We have been lucky at the end of the 20th century to have had a few years of a "middle class" where for a few minutes, women and nonwhite men were able to "climb the ladder" to established power positions. But IMO this kind of egality never lasts because it the pattern of the feudal system is about FOREVER "war' to gain territory and power. We war in our minds before we war on others.

    YES, people are awakening and this may well truly be when we may exit the matrix.
    Last edited by Delight; 2nd July 2020 at 01:27.

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    Default Re: Systemic Racism in America


    When talking about systemic racism, there's this aspect of it hasn't been mentioned in this thread yet. I call it the crab effect.

    It comes from the story of how crabs in a cage will kill a crab that has figured out how to escape the cage to freedom, often times ripping it apart before it can climb out of the hole at the top of a crab cage. There's some neurological aspects behind this behavior, it happens all across the animal kingdom, and it happens in humans, too.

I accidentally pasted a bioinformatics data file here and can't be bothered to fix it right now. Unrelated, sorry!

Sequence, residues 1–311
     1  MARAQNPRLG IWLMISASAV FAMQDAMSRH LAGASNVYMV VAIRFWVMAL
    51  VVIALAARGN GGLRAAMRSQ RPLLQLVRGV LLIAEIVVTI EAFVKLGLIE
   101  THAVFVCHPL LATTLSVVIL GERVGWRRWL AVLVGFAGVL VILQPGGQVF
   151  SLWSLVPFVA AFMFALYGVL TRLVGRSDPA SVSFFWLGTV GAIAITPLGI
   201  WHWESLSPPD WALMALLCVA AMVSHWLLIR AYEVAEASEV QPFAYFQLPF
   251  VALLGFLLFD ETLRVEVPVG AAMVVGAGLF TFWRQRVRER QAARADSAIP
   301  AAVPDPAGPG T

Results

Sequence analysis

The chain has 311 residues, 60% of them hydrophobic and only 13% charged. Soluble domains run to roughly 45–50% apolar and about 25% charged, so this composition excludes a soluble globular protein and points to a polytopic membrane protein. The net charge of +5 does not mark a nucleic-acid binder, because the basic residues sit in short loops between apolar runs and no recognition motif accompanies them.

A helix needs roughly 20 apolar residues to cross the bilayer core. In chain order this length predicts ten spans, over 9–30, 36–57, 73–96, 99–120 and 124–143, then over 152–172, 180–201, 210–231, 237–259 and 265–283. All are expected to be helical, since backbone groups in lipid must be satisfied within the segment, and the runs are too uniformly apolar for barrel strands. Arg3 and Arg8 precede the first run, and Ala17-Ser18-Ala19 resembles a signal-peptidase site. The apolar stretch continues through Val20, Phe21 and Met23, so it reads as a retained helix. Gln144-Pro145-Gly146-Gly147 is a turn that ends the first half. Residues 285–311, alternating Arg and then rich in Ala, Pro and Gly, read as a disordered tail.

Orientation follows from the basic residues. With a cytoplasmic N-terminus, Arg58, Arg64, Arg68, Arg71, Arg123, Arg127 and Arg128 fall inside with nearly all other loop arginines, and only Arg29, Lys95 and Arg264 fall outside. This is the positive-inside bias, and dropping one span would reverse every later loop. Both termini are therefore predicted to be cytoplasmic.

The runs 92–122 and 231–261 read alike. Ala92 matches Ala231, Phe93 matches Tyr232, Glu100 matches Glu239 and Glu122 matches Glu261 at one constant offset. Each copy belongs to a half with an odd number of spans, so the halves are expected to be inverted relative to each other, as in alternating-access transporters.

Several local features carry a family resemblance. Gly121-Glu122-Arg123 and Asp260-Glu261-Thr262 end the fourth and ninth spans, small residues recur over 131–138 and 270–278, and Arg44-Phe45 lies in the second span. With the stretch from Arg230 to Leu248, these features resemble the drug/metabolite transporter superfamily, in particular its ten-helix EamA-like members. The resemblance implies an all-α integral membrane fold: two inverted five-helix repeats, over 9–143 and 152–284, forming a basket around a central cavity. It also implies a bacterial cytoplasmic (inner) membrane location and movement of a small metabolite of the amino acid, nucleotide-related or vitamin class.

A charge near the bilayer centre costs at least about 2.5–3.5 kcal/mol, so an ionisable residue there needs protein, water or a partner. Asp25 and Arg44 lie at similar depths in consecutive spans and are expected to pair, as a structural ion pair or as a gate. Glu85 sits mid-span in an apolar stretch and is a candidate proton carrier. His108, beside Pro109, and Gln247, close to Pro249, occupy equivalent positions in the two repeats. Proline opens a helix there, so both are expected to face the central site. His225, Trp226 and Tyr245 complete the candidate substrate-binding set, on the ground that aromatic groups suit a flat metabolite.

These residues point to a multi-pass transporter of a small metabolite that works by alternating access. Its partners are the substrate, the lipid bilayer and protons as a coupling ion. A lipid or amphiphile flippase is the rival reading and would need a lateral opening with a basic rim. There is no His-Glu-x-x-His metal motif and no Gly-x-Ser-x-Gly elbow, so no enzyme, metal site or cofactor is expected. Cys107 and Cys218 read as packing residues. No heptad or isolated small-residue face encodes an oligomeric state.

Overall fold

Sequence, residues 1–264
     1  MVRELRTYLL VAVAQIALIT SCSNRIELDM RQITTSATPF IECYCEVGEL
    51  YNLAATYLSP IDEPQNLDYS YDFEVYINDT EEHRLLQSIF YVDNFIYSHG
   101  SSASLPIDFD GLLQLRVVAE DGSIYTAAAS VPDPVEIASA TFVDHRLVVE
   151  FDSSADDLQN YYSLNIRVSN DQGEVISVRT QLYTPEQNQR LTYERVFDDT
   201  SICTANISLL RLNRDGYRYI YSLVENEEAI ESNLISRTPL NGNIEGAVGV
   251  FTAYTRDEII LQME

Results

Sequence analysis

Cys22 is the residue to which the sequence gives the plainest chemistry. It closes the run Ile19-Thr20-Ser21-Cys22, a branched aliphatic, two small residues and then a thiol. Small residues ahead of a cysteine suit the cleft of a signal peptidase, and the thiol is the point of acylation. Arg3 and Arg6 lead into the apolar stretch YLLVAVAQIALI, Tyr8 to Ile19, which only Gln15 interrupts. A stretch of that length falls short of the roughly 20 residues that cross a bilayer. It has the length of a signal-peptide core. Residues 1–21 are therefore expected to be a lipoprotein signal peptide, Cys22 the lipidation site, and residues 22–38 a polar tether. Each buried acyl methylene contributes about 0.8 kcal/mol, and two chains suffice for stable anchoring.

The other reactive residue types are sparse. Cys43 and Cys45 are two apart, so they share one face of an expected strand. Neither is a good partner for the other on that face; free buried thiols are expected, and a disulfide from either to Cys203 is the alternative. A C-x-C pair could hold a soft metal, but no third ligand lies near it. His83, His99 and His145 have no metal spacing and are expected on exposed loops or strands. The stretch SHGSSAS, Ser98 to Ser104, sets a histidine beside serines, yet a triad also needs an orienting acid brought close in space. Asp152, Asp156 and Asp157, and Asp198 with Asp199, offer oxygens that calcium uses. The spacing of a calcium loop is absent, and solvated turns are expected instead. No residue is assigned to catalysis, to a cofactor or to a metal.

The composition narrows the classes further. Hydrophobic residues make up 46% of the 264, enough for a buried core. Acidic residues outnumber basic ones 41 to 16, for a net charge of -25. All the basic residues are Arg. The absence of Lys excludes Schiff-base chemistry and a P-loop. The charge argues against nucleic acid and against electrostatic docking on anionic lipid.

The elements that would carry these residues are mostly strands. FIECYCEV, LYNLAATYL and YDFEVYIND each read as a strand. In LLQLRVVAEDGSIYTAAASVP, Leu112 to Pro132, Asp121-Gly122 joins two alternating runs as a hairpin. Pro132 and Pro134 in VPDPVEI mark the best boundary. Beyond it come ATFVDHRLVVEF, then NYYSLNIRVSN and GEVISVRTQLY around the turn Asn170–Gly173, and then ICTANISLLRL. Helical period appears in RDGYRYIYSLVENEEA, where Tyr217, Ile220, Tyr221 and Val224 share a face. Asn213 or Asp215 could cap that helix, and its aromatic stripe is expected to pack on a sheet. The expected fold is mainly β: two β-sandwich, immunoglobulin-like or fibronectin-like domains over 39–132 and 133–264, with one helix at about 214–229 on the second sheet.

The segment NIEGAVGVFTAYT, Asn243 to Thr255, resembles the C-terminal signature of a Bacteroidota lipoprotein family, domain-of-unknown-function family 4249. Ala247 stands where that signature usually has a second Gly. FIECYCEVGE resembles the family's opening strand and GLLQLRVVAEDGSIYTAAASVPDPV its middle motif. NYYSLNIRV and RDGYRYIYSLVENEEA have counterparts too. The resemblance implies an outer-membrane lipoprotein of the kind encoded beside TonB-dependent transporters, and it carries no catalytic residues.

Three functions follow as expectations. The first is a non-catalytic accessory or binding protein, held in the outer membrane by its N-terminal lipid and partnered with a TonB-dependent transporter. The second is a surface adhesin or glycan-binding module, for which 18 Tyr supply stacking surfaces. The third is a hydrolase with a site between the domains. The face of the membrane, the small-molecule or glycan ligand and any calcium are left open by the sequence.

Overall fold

You're obviously unfamiliar with the term, uncle tom, and how it is uVan Jones has been called an uncle tom. Right now, there are about a dozen strong intelligent people running for political office and they are all accused of being uncle toms and coons, in the comments below their social media accounts.

    During the recent protests, black police officers are often singled out and verbally abused because they are black, often using these racial slurs.
    sed on the street. I'm curious as to why you to chose to use it to begin with?
    --Edina

    I noted that it is preferable to use the term, "sellout" for people like Candace Owens, who regularly misrepresents her own people on national tv. Why did I use the term Uncle Tom, originally? I didn't understand at the time that it could be used to insult those who are compassionate individuals doing the best for their community under the rubric of a white dominated society. I already explained this.